[Simplified Spelling Society Pamphlet No. 7. Part 3.]
Parts 1, 2, and 4 are on other pages.

The best method of teaching children to read and write.
Reports of experiments conducted in sixteen schools, part 3.

VII. ST. KATHERINE'S INFANT SCHOOL, TOTTENHAM.

The Head Mistress, Miss McLeish, reported in 1923:-

"A few years ago an experiment in the use of Simplified Spelling by little children, as an approach to reading, was initiated with a small group of 25 children in St. Katharine's Infants' School.

The success attending the experiment was a great surprise to all concerned.

In six months, not only were twenty-two out of the twenty-five children reading fluently from the conventional spelling, but they had attained a clearness of speech and a fluency and originality of expression in written composition hitherto unapproached by children of the same age in the school.

"It was suggested at the time that the evil effects of the Simplified Spelling might re-assert themselves as the children progressed through the Senior Schools and writing was made more use of.

"I am now in a position to say that such is not the case, and those responsible for the same children now in Standard IV, are not only delighted with the ease with which they make use of the conventional spelling, but are among the most ardent supporters of the method.

"The success of this first experiment emboldened us to continue experimenting.

"We have modified our plan of working considerably, and by making use of the new edition of Jinglz and Storiz, with its excellent grading, have embodied reading by means of Simplified Spelling as a definite step in the school reading scheme.

"As soon as the children are able to discover words of one syllable from sounds - with ease - they are allowed to make use of the Jinglz and Storiz with its carefully graded preparatory pages.

"Here the principle of one sign for a sound is strictly adhered to.

"Great care has been taken before this stage that the children attach the correct sound to each sign as it is met. Consequently, once the discovery has been made by the child, that certain sounds in sequence produce words in his own vocabulary, a tremendous incentive to investigate further is provided.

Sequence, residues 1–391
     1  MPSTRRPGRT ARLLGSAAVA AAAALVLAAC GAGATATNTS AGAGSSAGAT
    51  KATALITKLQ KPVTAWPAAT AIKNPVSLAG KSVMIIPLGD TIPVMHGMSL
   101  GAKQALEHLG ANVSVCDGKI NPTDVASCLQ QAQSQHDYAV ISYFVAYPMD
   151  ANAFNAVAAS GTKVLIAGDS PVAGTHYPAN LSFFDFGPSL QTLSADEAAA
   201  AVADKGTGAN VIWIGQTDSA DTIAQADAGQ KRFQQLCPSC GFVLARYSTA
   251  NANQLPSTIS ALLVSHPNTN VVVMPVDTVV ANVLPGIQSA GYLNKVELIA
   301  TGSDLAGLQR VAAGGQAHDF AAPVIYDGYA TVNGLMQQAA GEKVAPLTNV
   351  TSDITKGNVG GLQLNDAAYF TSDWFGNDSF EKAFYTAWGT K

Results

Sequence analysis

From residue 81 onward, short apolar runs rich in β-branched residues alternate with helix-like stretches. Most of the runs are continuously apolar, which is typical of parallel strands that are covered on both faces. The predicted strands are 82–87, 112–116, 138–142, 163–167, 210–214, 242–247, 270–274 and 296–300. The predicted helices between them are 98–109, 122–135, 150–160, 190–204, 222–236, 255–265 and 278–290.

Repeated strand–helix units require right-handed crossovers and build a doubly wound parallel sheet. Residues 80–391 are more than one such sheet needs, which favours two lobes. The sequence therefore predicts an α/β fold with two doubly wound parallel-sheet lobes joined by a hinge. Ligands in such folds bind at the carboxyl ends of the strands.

"A recent visitor to the School (Sir Mark Hunter) was considerably interested in a little girl, who was absorbed with her book, and was surprised to learn that only the day before had the discovery of words come to her.

"Once this stage is reached, nothing hinders progress. The signs are there - the child attaches the correct sound - the word is discovered, and word following word reveals meaning.

"It is here, I think, that the secret of the success of the method lies.

"The children are always reading for 'meaning and sense.' The signs, or letters representing the 39 sounds of their own vocabulary soon become familiar, and, after repeated use, mechanical, so that the subject matter alone stands out.

"At the transition stage from the Simplified Spelling to the Conventional - this habit of reading by 'sense' stands the child in good stead.

"Slight differences in the forms of words are unnoticed, others, less like the Simplified forms, intelligently guessed at, and only the most glaring anomalies prove hindrances.

"Our experience has been that no child who has been allowed sufficient time to become fluent when reading from Simplified Spelling has failed to transfer that fluency when reading from the orthodox.

"When writing, one sign for each sound of the child's vocabulary, provides him with a means of intelligible expression, and us with a sure evidence of his exact speech.

"He is able to write - phonetically exactly what he wishes to say, and has not to alter his own phraseology to include only those words with the spelling of which he is familiar.

"Natural and childlike compositions are possible.

"As soon as the children are thoroughly at home with the 39 letters or signs - the use of them soon becomes mechanical and thoughts are allowed free play, unhindered by the burden of remembering the forms of the various words.'

"It is obvious then, that more attention can be given to developing forms of expression and sequence of thought than would otherwise be the case.

"The form of a word as a whole in Simplified Spelling is never given to a child. Once the signs or letters are known, each one can reproduce his own speech.

"This reproduction has been of great value in enabling us to detect hitherto unsuspected speech defects and inaccuracies.

"The common use of v for th in mother, father, etc., the substitutions or omissions of sounds, as taiboo for taibl, hanz for handz, flourz for flouerz, cau for caul, widoe for windoe, have been revealed; also inaccuracies due to the yet undeveloped speech of little children as chesh ov drauz for chest ov drauerz, sisd for sister, fendh for fender, among others.

"Other interesting inaccuracies have appeared in jrum for drum, chrumpet for trumpet, chrain for train.

"In all these cases the ability of the child to represent his own speech accurately has been demonstrated, even in the case of jrum and chrumpet, to an appreciation of the voiced j and the voiceless ch, which in his speech were substituted before r for voiced d and voiceless t.